May's Shuffle Kerfuffle

January 12, 2018 | by Field Team

The second week of January is around the time that New Year’s Resolutions start getting broken, and if Theresa May’s resolution was to become a more decisive leader, her’s went out the window this week as well. The Prime Minister was extremely cautious with her much anticipated reshuffle,…

Theresa_May_(Sept_2017)

The second week of January is around the time that New Year’s Resolutions start getting broken, and if Theresa May’s resolution was to become a more decisive leader, her’s went out the window this week as well. The Prime Minister was extremely cautious with her much anticipated reshuffle, leaving almost every Cabinet Minister in their existing role – but when she did try and stick her neck out and make a change, her attempts backfired spectacularly.

Jeremy Hunt was expected to get the sack from his job as Health Secretary, after a turbulent reign culminating in the current crisis of resourcing in the NHS. But was he dismissed? No, infact, he ended up with an expanded brief after flatly refusing to change his post. Elsewhere, Justine Greening decided to resign rather than moving from her position as Education Secretary. Quite why Theresa May hadn’t been able to work out which moves were feasible and which weren’t in advance remains a mystery, but what is clear is that ministers are not afraid to take the Prime Minister on. And this botched reshuffle will only send the message to everyone else in the Cabinet that the boss doesn’t have control.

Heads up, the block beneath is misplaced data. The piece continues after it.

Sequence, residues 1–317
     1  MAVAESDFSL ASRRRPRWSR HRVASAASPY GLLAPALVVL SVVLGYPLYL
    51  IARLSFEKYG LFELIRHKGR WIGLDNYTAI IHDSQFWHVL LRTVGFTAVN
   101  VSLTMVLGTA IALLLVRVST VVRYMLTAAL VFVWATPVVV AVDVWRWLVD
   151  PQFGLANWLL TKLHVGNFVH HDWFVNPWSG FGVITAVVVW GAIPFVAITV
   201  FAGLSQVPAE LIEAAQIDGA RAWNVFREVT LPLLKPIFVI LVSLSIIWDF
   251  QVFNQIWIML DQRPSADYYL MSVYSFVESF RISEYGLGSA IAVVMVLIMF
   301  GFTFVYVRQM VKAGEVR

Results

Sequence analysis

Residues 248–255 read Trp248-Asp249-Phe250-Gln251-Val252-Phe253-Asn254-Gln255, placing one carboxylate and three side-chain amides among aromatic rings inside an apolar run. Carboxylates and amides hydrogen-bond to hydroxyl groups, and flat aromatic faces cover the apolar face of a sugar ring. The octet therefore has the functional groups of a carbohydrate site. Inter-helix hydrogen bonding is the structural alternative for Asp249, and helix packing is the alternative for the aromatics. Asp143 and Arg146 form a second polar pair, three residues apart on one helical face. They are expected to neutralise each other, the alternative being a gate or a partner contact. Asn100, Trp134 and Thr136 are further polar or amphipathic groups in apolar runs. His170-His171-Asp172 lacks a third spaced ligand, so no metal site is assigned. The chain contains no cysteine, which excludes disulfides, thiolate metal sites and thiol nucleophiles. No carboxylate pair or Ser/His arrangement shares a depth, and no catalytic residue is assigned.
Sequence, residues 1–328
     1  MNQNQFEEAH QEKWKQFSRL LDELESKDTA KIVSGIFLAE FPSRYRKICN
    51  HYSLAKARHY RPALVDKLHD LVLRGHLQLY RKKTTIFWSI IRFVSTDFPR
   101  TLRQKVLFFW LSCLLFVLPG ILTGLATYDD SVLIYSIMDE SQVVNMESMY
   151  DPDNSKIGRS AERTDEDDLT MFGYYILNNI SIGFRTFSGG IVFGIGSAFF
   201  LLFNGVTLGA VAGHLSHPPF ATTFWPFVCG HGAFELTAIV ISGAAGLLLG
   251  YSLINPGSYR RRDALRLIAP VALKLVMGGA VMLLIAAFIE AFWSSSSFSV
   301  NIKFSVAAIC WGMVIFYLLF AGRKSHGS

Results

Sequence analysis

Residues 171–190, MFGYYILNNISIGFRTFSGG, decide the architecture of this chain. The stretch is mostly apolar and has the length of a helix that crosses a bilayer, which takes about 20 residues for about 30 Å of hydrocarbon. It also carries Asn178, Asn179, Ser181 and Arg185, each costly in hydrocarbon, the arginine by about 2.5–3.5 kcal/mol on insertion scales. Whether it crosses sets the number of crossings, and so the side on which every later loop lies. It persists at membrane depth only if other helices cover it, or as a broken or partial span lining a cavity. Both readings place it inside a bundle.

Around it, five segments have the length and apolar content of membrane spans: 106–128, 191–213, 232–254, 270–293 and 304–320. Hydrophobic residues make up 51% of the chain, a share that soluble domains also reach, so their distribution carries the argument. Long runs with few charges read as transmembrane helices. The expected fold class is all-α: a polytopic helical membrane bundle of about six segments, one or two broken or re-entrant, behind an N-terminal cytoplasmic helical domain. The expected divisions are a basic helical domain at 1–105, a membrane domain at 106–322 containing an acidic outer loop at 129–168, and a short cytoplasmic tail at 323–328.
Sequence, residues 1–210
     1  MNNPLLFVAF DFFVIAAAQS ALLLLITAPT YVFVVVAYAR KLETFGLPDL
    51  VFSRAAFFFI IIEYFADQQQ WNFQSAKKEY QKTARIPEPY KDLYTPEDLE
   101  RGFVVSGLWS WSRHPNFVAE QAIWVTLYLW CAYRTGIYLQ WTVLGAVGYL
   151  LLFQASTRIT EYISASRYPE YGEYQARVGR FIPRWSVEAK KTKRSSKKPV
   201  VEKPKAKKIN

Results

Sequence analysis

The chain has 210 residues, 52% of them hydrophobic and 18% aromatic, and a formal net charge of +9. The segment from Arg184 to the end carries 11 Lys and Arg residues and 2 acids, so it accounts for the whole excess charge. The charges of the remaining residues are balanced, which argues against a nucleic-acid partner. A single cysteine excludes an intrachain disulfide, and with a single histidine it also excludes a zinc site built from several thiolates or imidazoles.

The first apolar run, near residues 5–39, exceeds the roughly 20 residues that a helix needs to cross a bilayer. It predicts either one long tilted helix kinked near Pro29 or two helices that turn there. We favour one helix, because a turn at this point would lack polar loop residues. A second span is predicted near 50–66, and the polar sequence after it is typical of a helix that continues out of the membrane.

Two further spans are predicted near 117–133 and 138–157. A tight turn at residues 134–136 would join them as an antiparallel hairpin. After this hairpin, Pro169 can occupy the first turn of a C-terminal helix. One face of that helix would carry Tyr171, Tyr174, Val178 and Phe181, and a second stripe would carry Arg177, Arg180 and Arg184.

It wasn’t just the rebellions that made the reshuffle embarrassing. It was the way it was implemented. Confusion reigned on Monday, with the Conservative Party’s official twitter account announcing that Chris Grayling was going to become Party Chair, before deleting the tweet, leaving everyone scratching their heads wondering whether the announcement had just been leaked too soon, or if it wasn’t true at all, (the latter, it transpired.)

This is not the end of the world. A clumsy reshuffle will not be the fatal blow to Mrs May’s premiership, but over the coming months, she must find a way of demonstrating to her Government and to the country that she is still in charge, and that she is capable of running a competent operation out of Number 10. This week was her first chance of the year to do that. She failed.

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